Deportation of a Foreign Criminal Born of Unmarried Parents is Discriminatory
November 10, 2016
Deportation of a Foreign Criminal Born of Unmarried Parents is Discriminatory
R (on the application of Johnson) v Secretary of State for Home Department
Supreme Court of the United Kingdom
 UKSC 56
Lady Hale DP, Lord Kerr, Lord Reed, Lord Hughes, Lord Toulson
October 19, 2016
Reported by Linda Awuor & Faith Wanjiku
International Law- law of treaty-European Convention on Human Rights-Prohibition of discrimination-national origin- whether it was compatible with article 14 on prohibition of discrimination of the European Convention on Human Rights to deny British citizenship to the child of a British father and a non-British mother simply because they were unmarried at the time of his birth or at any time thereafter- European Convention on Human Rights, article 14
International Law- law of treaty-European Convention on Human Rights-Right to respect for private and family life-interference by a public authority-whether the deportation order against the Appellant violated his right to respect for private and family life under article 8 of the Convention thus being unlawfully discriminatory- European Convention on Human Rights, article 8
Immigration Law-Deportation-deportation of criminals-exceptions- whether the Appellant under section 33 (2) of the UKBA was owed a right to not be deported on the ground of being a foreign criminal born of unmarried parents-UK Borders Act, 2007, sections 32 (5), 33(2)
The Appellant was born in Jamaica in 1985 to a Jamaican mother and British father who were not married to one another. His father moved to the United Kingdom with him when he was four, and he lived there ever since. Under the law in force at his birth, the Appellant became a Jamaican citizen but not a British one. He could have been a British citizen had his mother and father been married to one another, or married subsequently, or had his mother been the parent with British citizenship. He could also have been granted British citizenship had he or his father applied while he was still a child and, if over 16, of good character. However, no application was made.
Between 2003 and 2008, the Appellant was convicted of a series of serious criminal offences, culminating in a conviction for manslaughter for which he was sentenced to nine years’ imprisonment. In 2011, the Secretary of State made a deportation order against him on the ground that he was liable to automatic deportation as a foreign criminal under section 32(5) UK Borders Act 2007 (UKBA). Removal directions were set. The Appellant appealed, arguing that deportation could have breached his right to family life protected by article 8 of the European Convention on Human Rights (Convention) and be unlawfully discriminatory under article 14, given that he could not have been liable to deportation had his parents been married to one another. After reconsideration the Secretary of State confirmed her decision and also certified that the Appellant’s claim was clearly unfounded, thereby removing his right of appeal against her decision in the country. The Appellant’s claim was amended to challenge both the deportation decision and the issue of the certificate.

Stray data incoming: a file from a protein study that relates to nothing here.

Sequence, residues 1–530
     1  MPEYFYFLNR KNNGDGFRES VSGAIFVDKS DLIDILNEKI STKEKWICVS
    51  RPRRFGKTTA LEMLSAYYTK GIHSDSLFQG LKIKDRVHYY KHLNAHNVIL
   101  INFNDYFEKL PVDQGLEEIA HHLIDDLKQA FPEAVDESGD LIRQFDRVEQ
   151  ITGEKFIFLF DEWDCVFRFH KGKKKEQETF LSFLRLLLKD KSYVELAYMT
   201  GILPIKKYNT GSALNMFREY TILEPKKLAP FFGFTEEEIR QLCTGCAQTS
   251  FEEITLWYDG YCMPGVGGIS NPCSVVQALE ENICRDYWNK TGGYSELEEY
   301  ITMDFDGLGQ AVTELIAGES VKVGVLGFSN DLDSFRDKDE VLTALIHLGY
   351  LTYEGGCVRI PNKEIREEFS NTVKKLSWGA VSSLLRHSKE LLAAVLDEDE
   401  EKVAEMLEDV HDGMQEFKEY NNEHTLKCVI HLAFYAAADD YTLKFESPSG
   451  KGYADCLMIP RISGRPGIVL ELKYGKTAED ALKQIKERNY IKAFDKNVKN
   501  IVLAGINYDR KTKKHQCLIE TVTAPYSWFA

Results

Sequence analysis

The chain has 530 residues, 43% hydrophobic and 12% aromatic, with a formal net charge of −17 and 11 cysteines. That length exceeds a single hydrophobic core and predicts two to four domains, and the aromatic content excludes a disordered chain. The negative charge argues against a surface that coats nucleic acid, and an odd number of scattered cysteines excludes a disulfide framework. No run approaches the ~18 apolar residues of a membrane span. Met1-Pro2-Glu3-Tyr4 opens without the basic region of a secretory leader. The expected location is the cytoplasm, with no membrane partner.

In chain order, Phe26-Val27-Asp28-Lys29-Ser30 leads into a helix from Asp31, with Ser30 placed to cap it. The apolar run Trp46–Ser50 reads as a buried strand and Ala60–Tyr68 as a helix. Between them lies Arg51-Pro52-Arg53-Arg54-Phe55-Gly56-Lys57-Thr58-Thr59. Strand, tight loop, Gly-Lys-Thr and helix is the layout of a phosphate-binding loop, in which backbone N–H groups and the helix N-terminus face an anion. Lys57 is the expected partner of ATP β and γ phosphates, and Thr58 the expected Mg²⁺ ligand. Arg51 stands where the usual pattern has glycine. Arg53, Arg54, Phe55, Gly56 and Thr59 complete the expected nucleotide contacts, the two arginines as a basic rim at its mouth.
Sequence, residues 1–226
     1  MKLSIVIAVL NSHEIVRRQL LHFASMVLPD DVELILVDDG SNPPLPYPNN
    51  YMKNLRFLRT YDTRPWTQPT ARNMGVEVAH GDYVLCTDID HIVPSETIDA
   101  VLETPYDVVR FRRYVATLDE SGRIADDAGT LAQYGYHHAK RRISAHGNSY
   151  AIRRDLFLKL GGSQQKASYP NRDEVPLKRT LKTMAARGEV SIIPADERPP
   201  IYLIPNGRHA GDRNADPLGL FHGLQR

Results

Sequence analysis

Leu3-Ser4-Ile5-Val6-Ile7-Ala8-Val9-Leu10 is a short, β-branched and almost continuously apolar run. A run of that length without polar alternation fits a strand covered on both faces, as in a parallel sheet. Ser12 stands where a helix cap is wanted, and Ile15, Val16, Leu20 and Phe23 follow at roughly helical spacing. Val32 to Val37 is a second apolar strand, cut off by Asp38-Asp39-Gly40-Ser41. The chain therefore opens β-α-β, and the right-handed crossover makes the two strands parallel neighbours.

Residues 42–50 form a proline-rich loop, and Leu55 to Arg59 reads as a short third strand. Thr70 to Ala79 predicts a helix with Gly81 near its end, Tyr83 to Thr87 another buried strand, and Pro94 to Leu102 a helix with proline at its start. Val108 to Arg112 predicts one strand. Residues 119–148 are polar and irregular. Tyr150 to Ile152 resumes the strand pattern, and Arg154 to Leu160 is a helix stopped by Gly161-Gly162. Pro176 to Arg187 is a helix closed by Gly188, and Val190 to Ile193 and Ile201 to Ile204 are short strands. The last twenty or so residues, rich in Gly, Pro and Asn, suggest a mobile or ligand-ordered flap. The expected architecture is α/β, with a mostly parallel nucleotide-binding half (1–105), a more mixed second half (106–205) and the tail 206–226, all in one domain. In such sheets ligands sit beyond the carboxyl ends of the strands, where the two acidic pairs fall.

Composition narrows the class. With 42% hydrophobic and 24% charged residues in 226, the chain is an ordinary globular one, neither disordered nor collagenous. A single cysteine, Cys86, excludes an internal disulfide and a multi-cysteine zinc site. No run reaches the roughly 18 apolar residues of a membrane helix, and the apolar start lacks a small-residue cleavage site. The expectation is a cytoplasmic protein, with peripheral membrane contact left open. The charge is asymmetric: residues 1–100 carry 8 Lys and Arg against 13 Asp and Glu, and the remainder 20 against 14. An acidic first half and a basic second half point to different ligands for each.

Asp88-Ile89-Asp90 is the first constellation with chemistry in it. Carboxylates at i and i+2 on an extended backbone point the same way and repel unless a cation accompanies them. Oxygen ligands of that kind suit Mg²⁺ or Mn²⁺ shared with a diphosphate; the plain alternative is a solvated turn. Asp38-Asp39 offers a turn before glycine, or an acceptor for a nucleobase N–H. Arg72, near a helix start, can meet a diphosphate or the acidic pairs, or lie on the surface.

The High Court held that discrimination against a child of unmarried parents at birth and thereafter violated the Appellant’s Convention rights, and thereafter quashed the certificate. The Court of Appeal allowed the Secretary of State’s appeal, holding that there had been no violation of the Appellant’s rights at the relevant time, namely his birth, which was long before the Human Rights Act 1998 (HRA) came into force. The Appellant then appealed to the Supreme Court.
i. Whether it was compatible with article 14 on prohibition of discrimination of the European Convention on Human Rights to deny British citizenship to the child of a British father and a non-British mother simply because they were unmarried at the time of his birth or at any time thereafter.
ii. Whether the Appellant under section 33 (2) of the UKBA had a right to not be deported on the ground of being a foreign criminal born of unmarried parents.
iii. Whether the deportation order against the Appellant violated his right to respect for private and family life under article 8 of the Convention thus being unlawfully discriminatory.
iv. Whether the denial of automatic citizenship at birth was a one off act, which took place before the Human Rights Act came into force, or whether it had continuing consequences which could amount to a violation of article 14 of the Convention.
Relevant Provisions of the Law
European Convention on Human Rights
Article 8- Right to respect for private and family life
1. Everyone has the right to respect for his private and family life, his home and his correspondence.
2. There shall be no interference by a public authority with the exercise of this right except such as is in accordance with the law and is necessary in a democratic society in the interests of national security, public safety or the economic wellbeing of the country, for the prevention of disorder or crime, for the protection of health or morals, or for the protection of the rights and freedoms of others.
Article 14-Prohibition of discrimination
The enjoyment of the rights and freedoms set forth in this Convention shall be secured without discrimination on any ground such as sex, race, colour, language, religion, political or other opinion, national or social origin, association with a national minority, property, birth or other status.
UK Borders Act, 2007
Section 32-Automatic Deportation
(1)In this section “foreign criminal” means a person—
(b) who is convicted in the United Kingdom of an offence,
(2) Condition 1 is that the person is sentenced to a period of imprisonment of at least 12 months.
(4) For the purpose of section 3(5) (a) of the Immigration Act 1971 (c. 77), the deportation of a foreign criminal is conducive to the public good.
(5) The Secretary of State must make a deportation order in respect of a foreign criminal (subject to section 33).
Section 33 (2)-Exceptions